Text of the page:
Family FavoriteBy Capt. Bill Pike
I felt slightly flummoxed after boarding Viking Sport Cruiser’s new 50 Flybridge in the storied old harbor of Plymouth, England. Certainly, the source of my perplexity had nothing to do with the vessel’s appearance. While shapes and style lines were indeed bold and aggressive, the overall profile was attractive yet undeniably mainstream. And I experienced no confusion concerning the topside layout either. All the sun-and-fun-loving essentials were there in all the appropriate places, from chock locks for the dinghy on the expansive teak-paved swim platform to the barbecue grill surmounting the wet bar on the flying bridge, just abaft the double helmseat to port. Nope. What had me scratching my head while I descended the stairway from the saloon to the lower deck was why Viking had described the 50 as “the cruising family’s favorite weekend retreat.” I’d read that in a brochure while flying over to Plymouth for a few seal trials and a tour of Princess Yachts, the immense facility—or rather assortment of facilities—where Sport Cruisers like the 50 are built for New Jersey-based Viking Yachts, with Viking’s considerable input, of course. “What’s this baby got,” I wondered, “that’s gonna make her so darn attractive to a cruising family?”
The first big hint came as technical sales manager for Princess, Clive Brooks, and I examined the 50’s master stateroom. As I approvingly squished my hand into the soft but supportive innerspring mattress on the island-type, queen-size berth, a sense of the unusual size of the place began to slowly dawn. At first, I figured that just standing in the midst of a full-beam stateroom was the reason for my feeling. But then an aside from Brooks clarified things: The 50’s beam is a fulsome 15'3", a measurement that makes her roughly a foot wider than many competitors. And just in case you’re pooh-poohing such a seemingly modest enhancement, don’t forget that a foot more beam on a 50-footer translates into a lot more accommodation space. For example, a master that’s ten feet long, like the 50’s, gets an extra ten square feet. Popular with a family? Heck yes, particularly with Mom and Dad.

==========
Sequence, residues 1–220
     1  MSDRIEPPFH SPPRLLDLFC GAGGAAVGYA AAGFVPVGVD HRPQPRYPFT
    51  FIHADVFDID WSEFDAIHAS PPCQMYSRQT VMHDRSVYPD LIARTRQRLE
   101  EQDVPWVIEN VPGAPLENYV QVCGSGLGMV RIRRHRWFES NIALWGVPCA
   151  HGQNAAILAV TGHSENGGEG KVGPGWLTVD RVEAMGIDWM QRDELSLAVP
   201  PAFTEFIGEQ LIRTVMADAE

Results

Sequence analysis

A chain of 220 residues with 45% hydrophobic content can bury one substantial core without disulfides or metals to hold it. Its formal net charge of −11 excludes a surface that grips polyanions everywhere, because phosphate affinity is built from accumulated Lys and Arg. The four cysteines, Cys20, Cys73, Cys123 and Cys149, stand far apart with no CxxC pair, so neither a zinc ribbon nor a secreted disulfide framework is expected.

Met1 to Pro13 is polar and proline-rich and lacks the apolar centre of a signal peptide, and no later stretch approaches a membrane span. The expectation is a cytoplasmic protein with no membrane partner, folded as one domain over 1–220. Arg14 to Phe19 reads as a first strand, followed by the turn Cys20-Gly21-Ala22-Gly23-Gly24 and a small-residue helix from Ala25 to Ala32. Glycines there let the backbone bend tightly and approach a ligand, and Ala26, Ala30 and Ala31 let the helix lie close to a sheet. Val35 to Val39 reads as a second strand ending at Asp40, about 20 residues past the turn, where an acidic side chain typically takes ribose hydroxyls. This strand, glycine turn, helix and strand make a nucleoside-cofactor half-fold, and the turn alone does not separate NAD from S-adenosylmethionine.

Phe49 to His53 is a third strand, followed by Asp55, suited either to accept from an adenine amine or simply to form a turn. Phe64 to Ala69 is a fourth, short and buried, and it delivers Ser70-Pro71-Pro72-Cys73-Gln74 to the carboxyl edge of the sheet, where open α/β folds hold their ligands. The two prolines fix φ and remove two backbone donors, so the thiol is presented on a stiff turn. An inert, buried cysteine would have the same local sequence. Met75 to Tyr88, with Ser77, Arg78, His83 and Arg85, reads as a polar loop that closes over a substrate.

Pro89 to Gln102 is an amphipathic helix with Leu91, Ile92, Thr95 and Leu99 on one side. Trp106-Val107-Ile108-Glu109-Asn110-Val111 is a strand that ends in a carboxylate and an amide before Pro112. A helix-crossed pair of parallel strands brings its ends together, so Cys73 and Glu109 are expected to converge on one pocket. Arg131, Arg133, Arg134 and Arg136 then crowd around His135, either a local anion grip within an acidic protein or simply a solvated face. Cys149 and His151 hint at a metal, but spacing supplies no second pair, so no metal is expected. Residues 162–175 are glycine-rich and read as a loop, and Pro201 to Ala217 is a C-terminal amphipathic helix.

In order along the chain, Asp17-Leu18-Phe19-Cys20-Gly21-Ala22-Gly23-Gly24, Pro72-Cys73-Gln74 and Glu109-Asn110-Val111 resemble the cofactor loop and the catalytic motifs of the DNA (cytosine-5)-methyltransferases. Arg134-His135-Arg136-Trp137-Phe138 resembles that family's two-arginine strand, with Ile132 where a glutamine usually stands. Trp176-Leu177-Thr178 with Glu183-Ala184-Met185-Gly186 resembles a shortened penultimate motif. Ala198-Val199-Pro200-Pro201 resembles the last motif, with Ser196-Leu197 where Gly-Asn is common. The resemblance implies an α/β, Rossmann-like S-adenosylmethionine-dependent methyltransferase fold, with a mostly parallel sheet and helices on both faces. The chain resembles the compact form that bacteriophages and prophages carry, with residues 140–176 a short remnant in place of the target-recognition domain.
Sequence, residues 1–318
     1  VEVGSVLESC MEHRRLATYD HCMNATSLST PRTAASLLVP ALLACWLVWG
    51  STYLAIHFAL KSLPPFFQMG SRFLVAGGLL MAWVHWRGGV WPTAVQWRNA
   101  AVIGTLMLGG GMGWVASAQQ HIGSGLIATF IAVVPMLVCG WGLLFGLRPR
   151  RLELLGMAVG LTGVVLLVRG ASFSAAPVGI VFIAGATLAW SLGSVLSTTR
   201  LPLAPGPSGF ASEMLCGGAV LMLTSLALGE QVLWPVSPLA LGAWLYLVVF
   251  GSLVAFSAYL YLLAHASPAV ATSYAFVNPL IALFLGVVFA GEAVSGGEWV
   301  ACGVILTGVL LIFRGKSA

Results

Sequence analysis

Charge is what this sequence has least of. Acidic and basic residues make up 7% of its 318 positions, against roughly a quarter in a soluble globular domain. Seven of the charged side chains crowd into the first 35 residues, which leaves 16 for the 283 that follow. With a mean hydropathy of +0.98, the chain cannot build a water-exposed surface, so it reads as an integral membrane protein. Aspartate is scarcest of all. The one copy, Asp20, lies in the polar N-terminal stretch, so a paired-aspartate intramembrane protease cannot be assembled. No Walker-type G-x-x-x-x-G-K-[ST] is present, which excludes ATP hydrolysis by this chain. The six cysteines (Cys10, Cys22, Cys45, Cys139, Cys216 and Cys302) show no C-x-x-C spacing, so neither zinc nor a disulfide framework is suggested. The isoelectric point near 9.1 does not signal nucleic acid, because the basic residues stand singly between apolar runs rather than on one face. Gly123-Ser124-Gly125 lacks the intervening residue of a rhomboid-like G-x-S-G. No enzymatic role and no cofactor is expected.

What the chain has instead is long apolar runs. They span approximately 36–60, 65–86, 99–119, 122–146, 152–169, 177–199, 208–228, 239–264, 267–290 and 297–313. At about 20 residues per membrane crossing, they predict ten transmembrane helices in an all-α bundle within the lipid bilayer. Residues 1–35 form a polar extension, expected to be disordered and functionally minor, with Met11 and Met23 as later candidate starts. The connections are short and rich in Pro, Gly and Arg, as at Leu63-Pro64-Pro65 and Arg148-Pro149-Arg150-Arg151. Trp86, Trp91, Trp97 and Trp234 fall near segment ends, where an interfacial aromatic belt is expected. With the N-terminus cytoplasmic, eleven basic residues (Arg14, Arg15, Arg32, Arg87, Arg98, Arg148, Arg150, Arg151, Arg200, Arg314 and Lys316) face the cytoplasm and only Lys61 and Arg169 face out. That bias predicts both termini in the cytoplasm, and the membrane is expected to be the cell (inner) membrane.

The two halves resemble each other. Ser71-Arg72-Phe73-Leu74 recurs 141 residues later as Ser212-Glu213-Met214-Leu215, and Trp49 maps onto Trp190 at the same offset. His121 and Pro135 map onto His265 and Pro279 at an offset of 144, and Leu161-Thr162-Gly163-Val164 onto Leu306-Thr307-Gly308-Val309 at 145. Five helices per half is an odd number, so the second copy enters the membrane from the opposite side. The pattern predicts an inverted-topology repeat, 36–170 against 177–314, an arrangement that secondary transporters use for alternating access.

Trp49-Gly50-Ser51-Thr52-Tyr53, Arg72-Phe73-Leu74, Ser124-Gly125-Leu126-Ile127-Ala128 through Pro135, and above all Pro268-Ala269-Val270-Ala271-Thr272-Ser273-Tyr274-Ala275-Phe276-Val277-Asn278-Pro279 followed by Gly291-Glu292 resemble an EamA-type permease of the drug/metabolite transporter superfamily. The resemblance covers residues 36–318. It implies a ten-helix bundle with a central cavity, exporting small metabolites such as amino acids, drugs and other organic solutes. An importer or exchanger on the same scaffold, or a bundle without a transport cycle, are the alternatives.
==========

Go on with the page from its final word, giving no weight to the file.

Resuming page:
Brooks pointed out another family-friendly detail before we moved on: All joinery here—and indeed throughout the boat— had been assembled by Princess carpenters using special veneers from Dutch manufacturer Leeuwenburgh Fineer, thus engendering several advantages exclusive to Princess and Viking Sport Cruisers. First, because Leeuwenburgh veneers are backed with stability-promoting phenolic materials, they resist shifting beneath varnish and other coatings due to contraction or expansion, a virtue that obviates moisture intrusion and whitening or “blooming” of finishes that results. Second, proprietary treatments make the veneers more UV-resistant than most other veneer products, which precludes fading over the long term. And third, the Leeuwenburgh veneers make repairs both simple and easy. If someone scratches a cabinet door or credenza top, Herculean repair efforts are not called for and a weekend’s serenity is not threatened. The polyurethane top coat in the immediate vicinity is simply removed with sandpaper and a new layer of top coat is sprayed on from an aerosol can (part of a joinery-repair kit Viking supplies to its dealers). After a quick buffing, the job’s done.
As I continued to scrutinize the 50’s interior with Brooks, many more family-friendly qualities began to reveal themselves. Our test boat, for example, offered an eminently sensible, comfortable layout with three ample staterooms and a galley on the lower deck plus a seagoing “great room” (saloon/dinette/lower helm station) on the main one. While checking out the condo-style appliances, dovetailed drawers, and other domestic highlights of the galley, a question came to mind: Might the 50’s galley-down setup relegate the cook to a black hole, socially speaking? Not with the lower helm station and dinette within easy conversational range, the windshield above greenhousing the Avonite countertops with a flood of light, and the best stability onboard (both transverse and longitudinal) residing directly underfoot.